What is the concern about pregnancy that lasts longer than 42 weeks?
A normal term pregnancy lasts 37 to 40 weeks from the first day of your last menstrual period. When a pregnancy lasts longer than 40 weeks, the placenta may no longer be able to bring enough oxygen and nutrients to the baby. This is called a postterm pregnancy.
The chances of a problem for the baby slowly start to increase after 40 weeks and get much higher after 42 weeks. Examples of risks to the baby include:
Your baby may not get enough oxygen or nutrients from the placenta. This could stop your baby’s growth or harm your baby’s brain. It might even cause death.
Your baby may have a bowel movement inside the uterus. If this happens in the amniotic fluid before birth, your baby may breathe it into the lungs. This could cause serious breathing problems after birth.
Less amniotic fluid around the baby may make labor more stressful for your baby.
Your baby may have low blood sugar.
What is the cause?
It is not known why some pregnancies last longer than 40 weeks.
How is it diagnosed?
You and your healthcare provider must first accurately date your pregnancy. Your healthcare provider uses several kinds of information to calculate the due date, including the date of your last menstrual period and how regular your periods are. An early exam of your uterus and an early positive pregnancy test can help check your baby’s age and due date. Ultrasound can be used to confirm your baby’s age. An ultrasound uses sound waves to show pictures of your baby. Your baby can be measured with ultrasound as early as 5 or 6 weeks after your last menstrual period. This method is most accurate in the first half of your pregnancy.
There are several ways to check your babyâ€™s health, such as:
A kick count, which is counting your babyâ€™s movements during a certain length of time. A healthy baby usually moves at least 10 times in 2 hours. Count each kick, roll, swish, or flutter as 1 movement.
A nonstress test, which uses a monitor strapped your belly to record how your baby’s heart rate changes when your baby moves
A biophysical profile, which uses sound waves (ultrasound) along with a nonstress test to check your babyâ€™s breathing, movement, heart rate and muscle tone and the amount of fluid around the baby
A contraction stress test, which uses a monitor strapped to your belly to record how your baby’s heart rate changes after you are given medicine to cause contractions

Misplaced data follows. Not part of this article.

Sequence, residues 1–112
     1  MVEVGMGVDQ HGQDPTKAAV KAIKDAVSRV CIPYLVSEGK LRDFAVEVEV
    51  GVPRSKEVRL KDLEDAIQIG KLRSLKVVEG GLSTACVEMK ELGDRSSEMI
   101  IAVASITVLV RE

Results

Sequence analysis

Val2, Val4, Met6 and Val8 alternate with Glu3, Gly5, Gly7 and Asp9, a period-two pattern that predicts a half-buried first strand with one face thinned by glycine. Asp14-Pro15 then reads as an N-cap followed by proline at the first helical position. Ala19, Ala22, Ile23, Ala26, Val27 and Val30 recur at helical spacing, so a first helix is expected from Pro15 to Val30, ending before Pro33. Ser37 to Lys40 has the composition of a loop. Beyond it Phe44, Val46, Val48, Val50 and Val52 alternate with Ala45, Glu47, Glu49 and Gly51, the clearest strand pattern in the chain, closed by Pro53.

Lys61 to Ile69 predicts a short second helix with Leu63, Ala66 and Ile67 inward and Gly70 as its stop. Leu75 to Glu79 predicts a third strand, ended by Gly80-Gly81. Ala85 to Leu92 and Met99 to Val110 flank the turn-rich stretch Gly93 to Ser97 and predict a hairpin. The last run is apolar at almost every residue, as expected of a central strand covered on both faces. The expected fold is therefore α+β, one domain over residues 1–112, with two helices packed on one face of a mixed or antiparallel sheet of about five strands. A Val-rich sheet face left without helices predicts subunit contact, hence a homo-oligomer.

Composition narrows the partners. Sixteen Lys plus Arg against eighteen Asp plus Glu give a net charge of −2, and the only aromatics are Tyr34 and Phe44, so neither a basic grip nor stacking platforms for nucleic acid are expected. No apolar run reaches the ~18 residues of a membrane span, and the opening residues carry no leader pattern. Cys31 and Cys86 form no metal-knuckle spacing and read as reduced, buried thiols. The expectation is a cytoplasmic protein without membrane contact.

How is it treated?
Information from the tests helps your healthcare provider determine the best treatment.
If the baby appears to be healthy and not in danger, and your health is good, your provider may check you regularly while you wait for labor to begin.
If you have passed your due date, your healthcare provider may consider inducing labor as your pregnancy nears 41 to 42 weeks. However, there are also risks if your baby is delivered before it is ready to be born. Also, you could have problems during labor, such as prolonged labor and infection. In this case, you might need to have a C-section (a surgery that delivers your baby through a cut in your belly and uterus).
Your healthcare provider will talk about your choices for treatment and explain any risks.
Developed by RelayHealth.
Adult Advisor 2015.1 published by RelayHealth. Last modified: 2014-05-08 Last reviewed: 2014-07-03
This content is reviewed periodically and is subject to change as new health information becomes available. The information is intended to inform and educate and is not a replacement for medical evaluation, advice, diagnosis or treatment by a healthcare professional.
Pregnancy Beyond 42 Weeks: References
Caughey A. B., Snegovskikh VV, Norwitz ER. Postterm pregnancy: how can we improve outcomes? Obstet Gynecol Surv. 2008 Nov;63(11):715-24. Review. PubMed PMID: 18928576.
Doherty L, and E. R. Norwitz. Prolonged pregnancy: when should we intervene? Curr Opin Obstet Gynecol. 2008 Dec;20(6):519-27. Review. PubMed PMID: 18998240.
Management of postterm pregnancy. ACOG Practice Bulletin No. 55. American College of Obstetricians and Gynecologists. Obstet Gynecol 2004;104:639â€“46.